Monday, March 26, 2012

Hit Piece by Chuckles Nichols; Why carry, not OC, was the target

Charles Nichols, who I call "Chuckles" a lot of times, decided to do two different hit pieces on me in the last week:



In other news, the sky is blue, the Brady Campaign are liars, you need a mix of two different chemicals to breathe, and Chuckles apparently committed perjury by lying on a state form submission to the California Secretary of State's Office.

I also did not see Chuckles anywhere in the Byron White US Courthouse's Courtroom III, either.  He may have gotten notations from other reporters.  Of course, he didn't do the right thing like say, waiting for the oral arguments before blasting out to everyone who will listen what his impressions are from third parties before the oral arguments are acquired by him.

"They just concluded a second round of oral arguments before the Court of Appeals. The first time around, one of the three judges pointed out to Peterson's attorney that Colorado is an Open Carry state and that state has recognized prohibitions on concealed carry since the 19th century. His lawyer then reluctantly said that his client would carry in whatever manner the court decides."

What Chuckles the Perjurer leaves out is the Colorado Appellate Court decision in Trinen v. City/County of Denver, which makes it clear that Colorado is NOT an open carry state. In that particular case:

In Robertson, supra, the supreme court did not expressly state whether the right to bear arms is a fundamental right. However, by requiring that restrictions on the right be only reasonable, rather than necessary, the court essentially applied the rational basis test in evaluating the constitutionality of a city ordinance that implicated the right to bear arms. Therefore, we conclude that the court implicitly found that the right to bear arms is not a fundamental right. See People v. Young, supra.
The state cited Trinen as a reason why a person should not OC in Denver, either.  More from the decision:
Trinen also argues that the language in § 38-118(a)(1) requiring a "direct and immediate threat" is too restrictive. We disagree.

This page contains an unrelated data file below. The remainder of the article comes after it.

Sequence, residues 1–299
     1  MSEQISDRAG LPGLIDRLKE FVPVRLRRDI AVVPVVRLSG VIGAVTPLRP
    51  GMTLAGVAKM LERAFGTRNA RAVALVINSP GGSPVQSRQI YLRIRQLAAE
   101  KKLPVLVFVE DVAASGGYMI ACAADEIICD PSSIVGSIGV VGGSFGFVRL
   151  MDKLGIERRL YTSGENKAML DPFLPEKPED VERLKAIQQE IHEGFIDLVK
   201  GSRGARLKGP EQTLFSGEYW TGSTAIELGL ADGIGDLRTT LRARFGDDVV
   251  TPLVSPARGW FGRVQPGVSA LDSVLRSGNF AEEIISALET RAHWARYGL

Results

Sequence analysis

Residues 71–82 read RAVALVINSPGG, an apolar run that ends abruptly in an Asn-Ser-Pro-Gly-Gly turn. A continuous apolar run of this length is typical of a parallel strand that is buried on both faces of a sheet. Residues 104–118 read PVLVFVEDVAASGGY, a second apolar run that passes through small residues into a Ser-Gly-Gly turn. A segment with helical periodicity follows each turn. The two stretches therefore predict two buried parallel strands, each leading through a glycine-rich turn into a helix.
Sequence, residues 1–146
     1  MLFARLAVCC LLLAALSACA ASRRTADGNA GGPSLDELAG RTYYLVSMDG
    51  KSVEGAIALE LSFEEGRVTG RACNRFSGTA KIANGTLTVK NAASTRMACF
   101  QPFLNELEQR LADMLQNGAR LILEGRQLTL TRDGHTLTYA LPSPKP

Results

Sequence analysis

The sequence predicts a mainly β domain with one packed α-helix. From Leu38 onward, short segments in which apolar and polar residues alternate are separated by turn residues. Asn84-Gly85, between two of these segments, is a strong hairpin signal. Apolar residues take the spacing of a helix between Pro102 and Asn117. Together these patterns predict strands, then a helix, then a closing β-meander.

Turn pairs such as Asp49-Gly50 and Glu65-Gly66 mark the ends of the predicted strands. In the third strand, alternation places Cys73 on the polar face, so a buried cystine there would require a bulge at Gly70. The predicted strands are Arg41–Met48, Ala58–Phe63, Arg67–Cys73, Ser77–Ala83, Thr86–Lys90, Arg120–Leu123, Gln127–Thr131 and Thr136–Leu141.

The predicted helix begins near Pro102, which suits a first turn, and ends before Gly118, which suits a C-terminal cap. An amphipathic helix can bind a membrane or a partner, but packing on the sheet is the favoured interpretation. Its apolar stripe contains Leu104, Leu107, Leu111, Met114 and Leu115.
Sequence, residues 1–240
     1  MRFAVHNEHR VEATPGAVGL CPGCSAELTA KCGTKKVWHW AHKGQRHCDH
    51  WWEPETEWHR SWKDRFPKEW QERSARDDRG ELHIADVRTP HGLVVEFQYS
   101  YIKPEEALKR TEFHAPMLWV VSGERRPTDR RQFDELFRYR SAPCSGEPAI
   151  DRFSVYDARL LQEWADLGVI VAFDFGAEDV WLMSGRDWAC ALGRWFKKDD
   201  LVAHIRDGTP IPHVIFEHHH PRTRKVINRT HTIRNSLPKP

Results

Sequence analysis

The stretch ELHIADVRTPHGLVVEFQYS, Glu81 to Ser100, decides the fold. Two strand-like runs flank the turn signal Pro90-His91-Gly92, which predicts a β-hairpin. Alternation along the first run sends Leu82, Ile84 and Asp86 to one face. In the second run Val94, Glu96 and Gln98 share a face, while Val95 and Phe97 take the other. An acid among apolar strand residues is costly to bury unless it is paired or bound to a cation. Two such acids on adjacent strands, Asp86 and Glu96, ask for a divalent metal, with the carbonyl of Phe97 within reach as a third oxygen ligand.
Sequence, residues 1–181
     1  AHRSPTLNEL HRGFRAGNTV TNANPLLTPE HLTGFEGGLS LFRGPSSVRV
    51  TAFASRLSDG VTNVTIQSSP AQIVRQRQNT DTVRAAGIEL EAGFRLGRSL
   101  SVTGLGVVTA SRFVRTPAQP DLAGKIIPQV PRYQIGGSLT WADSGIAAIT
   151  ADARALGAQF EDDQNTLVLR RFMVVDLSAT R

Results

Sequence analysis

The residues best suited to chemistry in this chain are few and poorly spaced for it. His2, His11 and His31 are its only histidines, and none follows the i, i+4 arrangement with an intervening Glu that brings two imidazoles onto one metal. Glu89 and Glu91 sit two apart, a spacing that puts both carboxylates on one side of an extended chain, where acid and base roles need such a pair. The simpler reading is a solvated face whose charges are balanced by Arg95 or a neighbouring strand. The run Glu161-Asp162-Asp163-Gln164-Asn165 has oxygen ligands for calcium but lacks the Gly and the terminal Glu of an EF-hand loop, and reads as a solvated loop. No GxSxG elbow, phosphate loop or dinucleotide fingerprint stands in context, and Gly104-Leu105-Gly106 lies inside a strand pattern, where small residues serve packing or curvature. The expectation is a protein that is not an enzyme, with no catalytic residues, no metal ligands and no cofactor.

When liberally construed, the language "direct and immediate threat" requires some real identifiable and substantial justification for carrying a gun away from one's home. Absent such a qualifier, anyone could carry a gun about Denver and claim that it was for self-protection. Section 38-117 reflects the Denver City Council's determination that such practices endanger public safety and that it is reasonable to allow citizens to exercise their right to bear arms by obtaining a permit. Thus, the constitutional right has not been rendered nugatory. See People v. Blue, supra.
Section 38-117(b) indubitably places restrictions on the constitutional right to bear arms. However, in our view, the ordinance is a reasonable exercise of the police power, and Trinen has not met his burden of establishing beyond a reasonable doubt that the restrictions are so severe as to render the ordinance unconstitutional.

Both our briefs in the district court, as well as the briefings at the court of appeals, points out the standing law of Trinen in the state court system.   Don Kates, along with David Kopel, challenged Denver's "Assault Weapons" Ban.  Here is the result, from Silveira's Second Amendment Suicide:


Nor am I just spinning some theory here. I am talking about the outcome of actual cases. Of course every lawyer with a long career has lost cases. But until I started litigating AW cases I had a virtually unblemished record, including having invalidated the San Francisco handgun ban in 1982. Since the late 1980s I have been involved in litigating AW cases; half a dozen in California and individual cases in Colorado and Connecticut. Every one has been an utter disaster.